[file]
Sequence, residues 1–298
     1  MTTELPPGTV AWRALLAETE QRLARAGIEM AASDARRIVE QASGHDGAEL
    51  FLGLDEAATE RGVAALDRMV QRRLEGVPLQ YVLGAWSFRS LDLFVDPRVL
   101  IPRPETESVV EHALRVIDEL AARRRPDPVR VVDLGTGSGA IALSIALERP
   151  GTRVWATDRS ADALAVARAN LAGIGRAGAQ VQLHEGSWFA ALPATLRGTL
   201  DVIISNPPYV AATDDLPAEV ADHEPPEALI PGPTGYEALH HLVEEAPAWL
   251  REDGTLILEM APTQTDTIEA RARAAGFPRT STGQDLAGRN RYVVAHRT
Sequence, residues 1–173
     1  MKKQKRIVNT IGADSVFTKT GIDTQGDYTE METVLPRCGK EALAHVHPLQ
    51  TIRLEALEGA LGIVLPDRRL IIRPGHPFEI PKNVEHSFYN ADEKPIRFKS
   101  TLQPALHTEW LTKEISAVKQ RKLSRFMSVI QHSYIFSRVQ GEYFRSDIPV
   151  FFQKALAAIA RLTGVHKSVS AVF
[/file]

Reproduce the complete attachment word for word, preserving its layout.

Sequence, residues 1–298
     1  MTTELPPGTV AWRALLAETE QRLARAGIEM AASDARRIVE QASGHDGAEL
    51  FLGLDEAATE RGVAALDRMV QRRLEGVPLQ YVLGAWSFRS LDLFVDPRVL
   101  IPRPETESVV EHALRVIDEL AARRRPDPVR VVDLGTGSGA IALSIALERP
   151  GTRVWATDRS ADALAVARAN LAGIGRAGAQ VQLHEGSWFA ALPATLRGTL
   201  DVIISNPPYV AATDDLPAEV ADHEPPEALI PGPTGYEALH HLVEEAPAWL
   251  REDGTLILEM APTQTDTIEA RARAAGFPRT STGQDLAGRN RYVVAHRT
Sequence, residues 1–173
     1  MKKQKRIVNT IGADSVFTKT GIDTQGDYTE METVLPRCGK EALAHVHPLQ
    51  TIRLEALEGA LGIVLPDRRL IIRPGHPFEI PKNVEHSFYN ADEKPIRFKS
   101  TLQPALHTEW LTKEISAVKQ RKLSRFMSVI QHSYIFSRVQ GEYFRSDIPV
   151  FFQKALAAIA RLTGVHKSVS AVF